Sanral says it will block your car licence renewals if you don’t pay e-tolls: report

 ·7 Mar 2021

As government continues to drag its feet on providing a “solution” to the failed Gauteng e-tolling system, roads agency Sanral is gearing up for a new legal framework which could see motorists fined, or having licence renewals blocked if they don’t pay their outstanding fees.

The City Press reports that new warnings from Sanral have started appearing online, including a warning that vehicle licence renewals will be blocked if a driver has not paid their e-tolls, the paper said.

A Sanral spokesperson reportedly confirmed that the warnings were live, but could not say whether the changes were in effect.

Civil group Outa said that the warning was fear mongering, stating that, if it were in effect, 80% of road users in the province would not be able to renew their vehicle licences.

“Renewal of a vehicle licence can only be withheld with if an enforcement order for outstanding infringements fines has been issued against an owner/driver of a vehicle, and it hasn’t been paid. Outstanding e-toll fees is not an infringement (road traffic offence),” it said.

However, a new set of penalties for the non-payment of tolls are coming along with the implementation of the Administrative Adjudication of Road Traffic Offences (Aarto) Act, which takes effect in July 2021.

Under the Aarto, a new demerit and penalties regime will come into effect, which will see motorists start out with a set number of points, losing them if they commit various traffic offences.

In previous drafts of the laws, failing to pay tolls, including e-tolls, would have seen drivers lose one demerit point and receive a fine. Amended laws removed the demerit point, but kept the fines.

According to the Democratic Alliance, as the laws currently stand, drivers face a R500 fine each time they pass under an e-toll gantry and do not pay – while other fees, such as administrative costs of sending fines, could see another R100 slapped on top of that.

Various group have warned that the Aarto may be used to force e-toll compliance, and have opposed the laws on this basis.

Regarding licence renewals, Sanral’s threat to withhold licence renewals has been sitting on its e-toll website since the “new e-toll dispensation” was announced in 2015.

The e-toll problem

The e-toll system has failed, with less than a quarter of motorists – typically large fleets – complying with payments. It has been rejected by the vast majority of drivers, and is now a massive liability for government, which is saddled with billions of rands in outstanding debt.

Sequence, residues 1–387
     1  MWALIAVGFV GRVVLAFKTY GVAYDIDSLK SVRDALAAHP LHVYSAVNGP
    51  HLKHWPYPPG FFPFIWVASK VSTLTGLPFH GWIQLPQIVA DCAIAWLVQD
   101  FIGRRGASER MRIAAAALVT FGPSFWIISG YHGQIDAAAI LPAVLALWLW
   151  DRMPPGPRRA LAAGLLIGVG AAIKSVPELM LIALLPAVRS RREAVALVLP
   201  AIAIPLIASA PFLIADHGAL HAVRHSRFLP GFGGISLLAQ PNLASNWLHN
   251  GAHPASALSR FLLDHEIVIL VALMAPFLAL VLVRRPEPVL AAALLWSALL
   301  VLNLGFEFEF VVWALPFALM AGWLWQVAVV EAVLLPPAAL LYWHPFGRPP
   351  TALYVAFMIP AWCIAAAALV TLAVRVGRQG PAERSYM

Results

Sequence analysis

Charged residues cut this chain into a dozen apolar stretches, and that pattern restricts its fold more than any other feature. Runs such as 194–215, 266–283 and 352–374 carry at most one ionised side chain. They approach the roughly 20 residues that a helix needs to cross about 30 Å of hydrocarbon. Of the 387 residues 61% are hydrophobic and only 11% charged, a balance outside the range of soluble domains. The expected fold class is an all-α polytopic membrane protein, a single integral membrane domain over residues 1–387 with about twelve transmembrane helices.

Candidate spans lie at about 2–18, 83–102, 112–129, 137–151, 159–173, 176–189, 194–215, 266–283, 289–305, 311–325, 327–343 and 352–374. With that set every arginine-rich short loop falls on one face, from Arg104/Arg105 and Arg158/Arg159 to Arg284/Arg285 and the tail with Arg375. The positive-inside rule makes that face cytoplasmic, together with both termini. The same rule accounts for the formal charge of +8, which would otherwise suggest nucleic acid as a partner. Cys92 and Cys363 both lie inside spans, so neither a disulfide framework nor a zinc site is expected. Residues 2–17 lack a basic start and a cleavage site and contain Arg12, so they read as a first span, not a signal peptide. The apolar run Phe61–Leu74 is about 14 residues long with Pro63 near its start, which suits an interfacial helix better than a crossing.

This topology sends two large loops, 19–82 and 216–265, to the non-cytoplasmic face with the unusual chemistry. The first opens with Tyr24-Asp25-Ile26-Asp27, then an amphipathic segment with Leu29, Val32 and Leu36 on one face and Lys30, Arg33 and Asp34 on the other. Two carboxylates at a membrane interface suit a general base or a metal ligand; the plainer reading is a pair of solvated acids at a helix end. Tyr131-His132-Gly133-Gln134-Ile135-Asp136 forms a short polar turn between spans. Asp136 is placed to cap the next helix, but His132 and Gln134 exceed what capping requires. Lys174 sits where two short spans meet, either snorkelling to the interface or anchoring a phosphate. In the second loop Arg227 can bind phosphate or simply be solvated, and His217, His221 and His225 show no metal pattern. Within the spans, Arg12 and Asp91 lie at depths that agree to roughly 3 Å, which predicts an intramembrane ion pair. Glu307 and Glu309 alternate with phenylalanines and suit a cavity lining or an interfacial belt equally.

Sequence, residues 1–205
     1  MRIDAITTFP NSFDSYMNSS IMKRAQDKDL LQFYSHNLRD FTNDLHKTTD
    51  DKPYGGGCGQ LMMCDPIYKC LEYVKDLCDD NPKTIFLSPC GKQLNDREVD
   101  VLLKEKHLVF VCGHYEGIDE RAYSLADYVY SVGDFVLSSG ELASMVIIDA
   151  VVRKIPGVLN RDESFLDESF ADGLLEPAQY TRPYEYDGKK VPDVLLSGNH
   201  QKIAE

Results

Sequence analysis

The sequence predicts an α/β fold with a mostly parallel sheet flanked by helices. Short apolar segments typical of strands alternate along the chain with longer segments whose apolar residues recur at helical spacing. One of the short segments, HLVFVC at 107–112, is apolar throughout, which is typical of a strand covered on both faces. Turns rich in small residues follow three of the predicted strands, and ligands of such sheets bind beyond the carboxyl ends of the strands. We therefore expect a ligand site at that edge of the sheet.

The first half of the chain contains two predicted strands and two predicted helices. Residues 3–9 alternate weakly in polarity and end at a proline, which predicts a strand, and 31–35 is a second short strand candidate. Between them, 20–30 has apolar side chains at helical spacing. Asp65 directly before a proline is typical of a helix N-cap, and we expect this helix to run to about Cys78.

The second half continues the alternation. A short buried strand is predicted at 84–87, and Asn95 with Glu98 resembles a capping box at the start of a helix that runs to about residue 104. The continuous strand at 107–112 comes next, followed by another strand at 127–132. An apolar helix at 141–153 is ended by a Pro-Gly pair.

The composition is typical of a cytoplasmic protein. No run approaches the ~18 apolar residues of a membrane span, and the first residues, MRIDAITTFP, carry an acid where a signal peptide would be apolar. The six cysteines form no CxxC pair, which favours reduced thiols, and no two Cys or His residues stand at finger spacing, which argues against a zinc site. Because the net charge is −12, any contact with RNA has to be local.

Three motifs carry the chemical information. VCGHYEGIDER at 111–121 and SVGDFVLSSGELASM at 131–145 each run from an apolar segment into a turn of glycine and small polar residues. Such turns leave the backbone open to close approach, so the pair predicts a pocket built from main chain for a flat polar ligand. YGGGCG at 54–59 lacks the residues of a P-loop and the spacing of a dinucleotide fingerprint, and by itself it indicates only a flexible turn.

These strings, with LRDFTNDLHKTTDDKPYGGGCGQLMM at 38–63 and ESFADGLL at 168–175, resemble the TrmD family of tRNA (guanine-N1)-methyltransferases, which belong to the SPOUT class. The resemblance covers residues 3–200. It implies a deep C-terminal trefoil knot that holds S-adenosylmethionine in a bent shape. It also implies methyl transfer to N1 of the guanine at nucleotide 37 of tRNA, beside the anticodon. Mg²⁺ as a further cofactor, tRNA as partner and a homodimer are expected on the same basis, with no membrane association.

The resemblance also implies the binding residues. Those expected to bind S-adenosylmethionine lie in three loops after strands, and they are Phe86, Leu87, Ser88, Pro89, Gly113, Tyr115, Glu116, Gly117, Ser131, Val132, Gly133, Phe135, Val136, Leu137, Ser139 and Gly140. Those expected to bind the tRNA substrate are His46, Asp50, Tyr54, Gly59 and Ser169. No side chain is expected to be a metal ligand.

Government, for its part, has been flip-flopping on e-tolls for years, moving between indications that the system will be scrapped and insistence that it will remain in place to pay the money owed.

A solution to the impasse around the system was promised in 2020, but this was delayed by the Covid-19 outbreak and subsequent lockdown. An outcome to the problem has again been promised in the coming weeks.

However, indications are that the system is not going away, with national government repeating its support for the ‘user-pays’ principle which is the basis for e-tolls. In the latest budget from National Treasury, explicit support for this principle was given, with finance minister Tito Mboweni saying that, unless it is implemented, Sanral will continue to suffer financially.

This puts national government in conflict with Gauteng’s provincial government, which is calling for the system to be scrapped entirely.

The province recently made formal submissions to the national government indicating its rejection of the implementation of e-tolls, with Gauteng MEC Jacob Mamabolo saying that the province is working with the national government to ensure e-tolls are stopped over concerns about the financial impact on motorists.

Mamabolo said that his government is also opposed to the Aarto Act as a means of enforcing e-tolls in the province.

Critics have slammed government’s insistence on continuing with the system, with civil group Outa maintaining that it has failed, and there’s no way to force drivers to accept the system, so other solutions need to be found.

Justice Project South Africa, meanwhile, has flagged various problems around the Aarto Act itself, including the fact that the Road Traffic Infringement Agency (RTIA) – which will purportedly be managing things like e-toll fines and the blocking of renewals – is facing forensic investigations over maladministration.

Read: Major changes planned for drivers in South Africa – including new fines, scrapping taxis, and an answer on e-tolls

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